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Hints, Tips and Solutions (Do NOT post requests for help here) If you have any useful general hints and tips for vintage technology repair and restoration, please share them here. PLEASE DO NOT POST REQUESTS FOR HELP HERE!

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Old 25th May 2006, 10:13 am   #1
DON THOMSON
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Default The art of coarse engineering

Good morning all,

Looking at a pic of some carbon rod resistors(used in the 30s and 40s) I was reminded when in the RAF in Egypt and we needed and didn't have a particular value of resistor we would select one of lower value and with an Avometer and grindstone would proceed to increase its value to the required amount. We had, of course to remember that we were reducing its wattage rating.

Wanting to check the HT on a T1509 which should have been 1600v and with no meter that went above 1000v I connected 2 identical meters in series and doubled the reading. HT checked Ok.

The Egyptian electricians method of detecting blown cartridge fuses on a main bus distribution board was to run finger and thumb down the strip of exposed terminals and when they got a belt they knew they had the blown fuse. To ensure good contact they used to lick their fingers first.

In a way I suppose that substituting capacitors for proper dropper resistors might be considered "coarse engineering"?

There must be stacks of other examples out there - dig into your memories. Any one reading these must remember the magic words DON'T TRY THIS AT HOME unless you really, truly know what you are doing and then don't.


Don
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Old 25th May 2006, 1:11 pm   #2
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Default Re: The art of coarse engineering

Quote:
Originally Posted by DON THOMSON
The Egyptian electricians method of detecting blown cartridge fuses on a main bus distribution board was to run finger and thumb down the strip of exposed terminals and when they got a belt they knew they had the blown fuse. To ensure good contact they used to lick their fingers first.
Many operating practices used in third world countries would give the HSE a fit of the vapours. I was staying in Luxor (Egypt) a few years ago when the air conditioning in the hotel room developed a fault. I reported this to reception who said they would send an engineer up. A short time later a bloke turned up, opened the (7th floor) window and climbed out He then proceeded to fiddle with the air conditioner with a screwdriver in his right hand, while holding on to the window with his left and standing on the windowsill. By this stage I couldn't watch any more so left him to get on with it

Best regards, Paul
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Old 26th May 2006, 8:57 am   #3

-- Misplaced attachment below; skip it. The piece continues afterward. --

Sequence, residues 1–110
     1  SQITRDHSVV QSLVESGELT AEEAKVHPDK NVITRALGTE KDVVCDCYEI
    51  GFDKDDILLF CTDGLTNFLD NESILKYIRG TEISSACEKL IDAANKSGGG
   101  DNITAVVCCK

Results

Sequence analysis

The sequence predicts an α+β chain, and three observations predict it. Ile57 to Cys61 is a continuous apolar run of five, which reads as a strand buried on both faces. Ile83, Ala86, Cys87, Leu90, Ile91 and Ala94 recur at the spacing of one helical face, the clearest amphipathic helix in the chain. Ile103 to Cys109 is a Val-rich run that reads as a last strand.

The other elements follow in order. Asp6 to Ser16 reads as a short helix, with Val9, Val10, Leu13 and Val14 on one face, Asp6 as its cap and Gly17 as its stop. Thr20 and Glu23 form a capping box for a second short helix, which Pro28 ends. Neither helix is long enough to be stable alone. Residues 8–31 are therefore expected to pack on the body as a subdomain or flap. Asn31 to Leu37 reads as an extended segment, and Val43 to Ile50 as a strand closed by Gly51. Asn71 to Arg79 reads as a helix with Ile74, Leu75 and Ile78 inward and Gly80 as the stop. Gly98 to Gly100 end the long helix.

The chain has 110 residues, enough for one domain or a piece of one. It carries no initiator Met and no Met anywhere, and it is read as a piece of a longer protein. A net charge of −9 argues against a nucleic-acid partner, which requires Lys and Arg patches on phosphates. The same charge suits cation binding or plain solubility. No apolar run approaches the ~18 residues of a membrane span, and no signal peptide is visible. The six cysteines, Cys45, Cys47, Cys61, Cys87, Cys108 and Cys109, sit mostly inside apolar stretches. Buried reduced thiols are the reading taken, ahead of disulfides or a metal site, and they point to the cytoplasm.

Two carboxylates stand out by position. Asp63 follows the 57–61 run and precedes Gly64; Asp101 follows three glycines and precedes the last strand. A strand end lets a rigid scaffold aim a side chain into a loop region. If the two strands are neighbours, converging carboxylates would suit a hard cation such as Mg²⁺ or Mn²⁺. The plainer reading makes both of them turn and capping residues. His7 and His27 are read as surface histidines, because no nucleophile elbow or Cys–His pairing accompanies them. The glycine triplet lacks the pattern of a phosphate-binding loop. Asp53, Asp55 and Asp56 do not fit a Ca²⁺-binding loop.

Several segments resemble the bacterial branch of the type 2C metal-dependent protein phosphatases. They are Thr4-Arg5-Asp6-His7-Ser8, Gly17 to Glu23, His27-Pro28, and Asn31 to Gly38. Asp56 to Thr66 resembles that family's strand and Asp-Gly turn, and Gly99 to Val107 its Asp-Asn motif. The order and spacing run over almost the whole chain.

DON THOMSON
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Default Re: The art of coarse engineering

Had he only one eye and walked wih a crutch? I remember him!

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Old 26th May 2006, 10:17 am   #4
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Default Re: The art of coarse engineering

Not quite in the same league as the above, but my father used to check for dead batteries (single cells) by applying the top cap and case, which in days of old was uninsulated and adjacent to it, to his tounge. A sort of voltmetering by taste.

Checking that there is antifreeze in a car can also by done by taste. It is poisonous if taken in quantity but all you need is to taste the sweetness then wipe it off your tounge before it kills you.

Peter.
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Old 26th May 2006, 12:20 pm   #5
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Default Re: The art of coarse engineering

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Checking that there is antifreeze in a car can also by done by taste. It is poisonous if taken in quantity but all you need is to taste the sweetness then wipe it off your tounge before it kills you.

Peter.
I did this only last night to ascertain what was leaking from my wife's car!

Old habits die hard 'twould appear.

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Old 26th May 2006, 12:21 pm   #6
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Many, many years ago when I was an apprentice I was privilidged to visit a BBC World Service transmitting station. Whilst there one of the engineers demonstrated a quick test to see how well one of the HF Transmitters was doing. This was a kind of output and modulation check...

He contacted the feeder and drew a huge arc off of it. The length of the arc gave an indication of the power and the modulation could be heard audibly on the arc, thus giving an indication of modulation...

There began my love of very high power HF stuff and Napier Deltic diesel engines (as used in the Deltic Railway Locomotive) which were used for standby power generation
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Old 26th May 2006, 3:25 pm   #7
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Default Re: The art of coarse engineering